Fresh from Asian Aerospace in Singapore, Bombardier brought its CRJ900 tour to Europe. Aerospace journalists from the UK and France gathered at London Stansted before experiencing the CRJ900 in action as we jetted over the Irish Sea to Belfast.
It didn't take us hard-bitten journalists long to adjust to the luxury of business class, the wine, canap駸 and 32.5"-equivalent seat pitch leg-room and before we knew it, we were touching down at Belfast City airport as plane-spotters on the ground jostled to get the best shot. It's not every day the CRJ900 comes to town.
As the team from Bombardier were keen to impart at the press briefing the next day, the CRJ900's credentials are impressive. Seating between 86 and 90 passengers, it has the lowest operating costs in its class and its seat-mile costs are comparable with new-generation narrowbodies.
And despite a market trend that has dipped in the past two years, Bombardier is bullish about the future of the regional jet market. "We are confident that when the market comes back, it will come back in a big way," said Trung Ngo, vice-president marketing and communications.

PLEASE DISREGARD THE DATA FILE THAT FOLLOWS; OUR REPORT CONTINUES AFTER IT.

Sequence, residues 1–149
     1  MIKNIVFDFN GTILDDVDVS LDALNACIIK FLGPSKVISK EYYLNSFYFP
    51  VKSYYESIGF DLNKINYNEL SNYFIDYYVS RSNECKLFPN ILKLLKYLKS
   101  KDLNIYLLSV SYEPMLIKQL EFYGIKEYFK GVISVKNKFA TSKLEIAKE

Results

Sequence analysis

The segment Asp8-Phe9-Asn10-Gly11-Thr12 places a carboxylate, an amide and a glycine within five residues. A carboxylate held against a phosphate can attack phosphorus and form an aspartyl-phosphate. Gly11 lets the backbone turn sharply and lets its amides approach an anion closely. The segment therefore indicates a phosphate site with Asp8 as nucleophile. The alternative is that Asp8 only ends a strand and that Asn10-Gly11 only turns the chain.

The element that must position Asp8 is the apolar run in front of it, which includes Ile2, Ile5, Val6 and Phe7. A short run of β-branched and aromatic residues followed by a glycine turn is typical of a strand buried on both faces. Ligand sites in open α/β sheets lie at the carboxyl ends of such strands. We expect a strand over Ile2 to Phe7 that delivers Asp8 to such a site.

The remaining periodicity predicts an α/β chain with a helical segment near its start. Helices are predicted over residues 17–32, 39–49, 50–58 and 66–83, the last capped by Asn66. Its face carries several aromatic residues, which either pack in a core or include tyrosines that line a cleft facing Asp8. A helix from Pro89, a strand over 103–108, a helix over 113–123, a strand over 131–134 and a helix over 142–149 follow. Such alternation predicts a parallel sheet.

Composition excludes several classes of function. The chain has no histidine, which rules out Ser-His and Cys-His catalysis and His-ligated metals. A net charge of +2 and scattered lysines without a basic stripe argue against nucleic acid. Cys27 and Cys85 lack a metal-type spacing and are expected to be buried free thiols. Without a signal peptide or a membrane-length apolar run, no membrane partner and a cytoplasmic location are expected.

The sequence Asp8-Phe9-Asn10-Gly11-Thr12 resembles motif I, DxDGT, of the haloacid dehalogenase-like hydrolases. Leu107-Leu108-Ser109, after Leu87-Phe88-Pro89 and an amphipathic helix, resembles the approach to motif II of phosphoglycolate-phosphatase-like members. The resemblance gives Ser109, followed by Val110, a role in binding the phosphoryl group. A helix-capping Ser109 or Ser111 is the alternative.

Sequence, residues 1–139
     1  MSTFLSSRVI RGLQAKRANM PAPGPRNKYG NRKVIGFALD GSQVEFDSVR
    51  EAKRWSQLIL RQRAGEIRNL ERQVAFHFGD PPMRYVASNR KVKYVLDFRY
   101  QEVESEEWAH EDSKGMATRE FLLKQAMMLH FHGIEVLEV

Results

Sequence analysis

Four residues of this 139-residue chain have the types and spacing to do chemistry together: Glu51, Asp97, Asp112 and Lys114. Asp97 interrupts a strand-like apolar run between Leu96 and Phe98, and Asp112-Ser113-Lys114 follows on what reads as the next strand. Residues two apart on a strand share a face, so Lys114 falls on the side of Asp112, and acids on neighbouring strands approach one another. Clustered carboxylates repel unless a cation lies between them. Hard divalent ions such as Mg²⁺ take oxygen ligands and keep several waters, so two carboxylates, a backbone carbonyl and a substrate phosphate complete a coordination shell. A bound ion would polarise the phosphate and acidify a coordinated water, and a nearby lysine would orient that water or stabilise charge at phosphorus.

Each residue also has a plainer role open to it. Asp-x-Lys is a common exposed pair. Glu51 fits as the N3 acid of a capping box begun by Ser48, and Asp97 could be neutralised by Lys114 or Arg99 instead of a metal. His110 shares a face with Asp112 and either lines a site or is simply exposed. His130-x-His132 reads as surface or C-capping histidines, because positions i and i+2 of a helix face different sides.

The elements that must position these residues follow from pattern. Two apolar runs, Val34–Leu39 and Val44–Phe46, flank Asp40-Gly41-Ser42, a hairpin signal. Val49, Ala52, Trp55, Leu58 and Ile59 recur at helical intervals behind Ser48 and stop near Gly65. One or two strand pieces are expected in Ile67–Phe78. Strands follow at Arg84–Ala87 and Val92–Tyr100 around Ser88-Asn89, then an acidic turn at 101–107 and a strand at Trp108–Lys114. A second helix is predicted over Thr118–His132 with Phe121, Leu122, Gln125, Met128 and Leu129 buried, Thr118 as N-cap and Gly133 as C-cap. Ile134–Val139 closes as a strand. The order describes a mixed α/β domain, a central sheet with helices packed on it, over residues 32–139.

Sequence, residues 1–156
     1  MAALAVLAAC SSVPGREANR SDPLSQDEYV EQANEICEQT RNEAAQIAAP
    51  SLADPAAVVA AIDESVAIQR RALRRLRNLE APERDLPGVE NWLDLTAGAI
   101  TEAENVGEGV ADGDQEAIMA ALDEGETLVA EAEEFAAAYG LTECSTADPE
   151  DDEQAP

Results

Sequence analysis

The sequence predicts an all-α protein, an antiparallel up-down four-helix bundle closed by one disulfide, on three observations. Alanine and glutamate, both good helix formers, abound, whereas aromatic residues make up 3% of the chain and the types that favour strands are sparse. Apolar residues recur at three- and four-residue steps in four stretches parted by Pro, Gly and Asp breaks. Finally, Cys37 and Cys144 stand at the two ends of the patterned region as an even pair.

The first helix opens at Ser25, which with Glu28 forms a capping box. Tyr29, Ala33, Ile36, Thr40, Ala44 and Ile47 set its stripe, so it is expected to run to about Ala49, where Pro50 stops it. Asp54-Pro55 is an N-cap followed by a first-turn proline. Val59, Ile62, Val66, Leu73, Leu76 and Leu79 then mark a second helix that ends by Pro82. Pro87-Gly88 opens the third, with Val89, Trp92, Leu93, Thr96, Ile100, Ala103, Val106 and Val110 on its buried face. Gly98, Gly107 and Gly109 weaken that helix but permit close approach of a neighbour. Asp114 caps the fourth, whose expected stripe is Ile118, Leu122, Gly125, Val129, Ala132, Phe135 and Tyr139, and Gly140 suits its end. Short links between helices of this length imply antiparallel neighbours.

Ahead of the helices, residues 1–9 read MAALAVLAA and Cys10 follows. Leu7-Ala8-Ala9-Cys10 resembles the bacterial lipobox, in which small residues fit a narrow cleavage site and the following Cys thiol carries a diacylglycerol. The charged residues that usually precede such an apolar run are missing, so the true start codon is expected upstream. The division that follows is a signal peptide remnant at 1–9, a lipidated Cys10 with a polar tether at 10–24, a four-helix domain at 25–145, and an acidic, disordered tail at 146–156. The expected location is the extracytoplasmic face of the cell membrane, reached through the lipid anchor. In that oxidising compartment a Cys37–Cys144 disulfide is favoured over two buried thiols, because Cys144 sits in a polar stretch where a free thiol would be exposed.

A question and answer session brought a flurry of questions about Bombardier's plans for the CSeries, which were shelved just over a month ago. Alec McRitchie, director of public affairs for Europe, said that although it was "a disappointment", he hoped the CSeries would be launched later.
After a tour of the Shorts facility, we were ushered back onto the aircraft for the quick flight back to Stansted. For most it was then a quick journey home, but for the Bombardier team, the tour continued on to Central Europe on its one-month journey demonstrating the aircraft to a host of potential customers. The tour's exact route wasn't a matter for discussion.